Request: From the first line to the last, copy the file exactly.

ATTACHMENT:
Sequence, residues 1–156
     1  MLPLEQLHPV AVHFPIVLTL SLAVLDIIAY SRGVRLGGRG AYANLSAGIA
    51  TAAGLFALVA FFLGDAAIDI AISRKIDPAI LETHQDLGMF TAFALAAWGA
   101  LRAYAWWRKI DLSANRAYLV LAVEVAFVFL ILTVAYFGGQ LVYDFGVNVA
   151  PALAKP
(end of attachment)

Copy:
Sequence, residues 1–156
     1  MLPLEQLHPV AVHFPIVLTL SLAVLDIIAY SRGVRLGGRG AYANLSAGIA
    51  TAAGLFALVA FFLGDAAIDI AISRKIDPAI LETHQDLGMF TAFALAAWGA
   101  LRAYAWWRKI DLSANRAYLV LAVEVAFVFL ILTVAYFGGQ LVYDFGVNVA
   151  PALAKP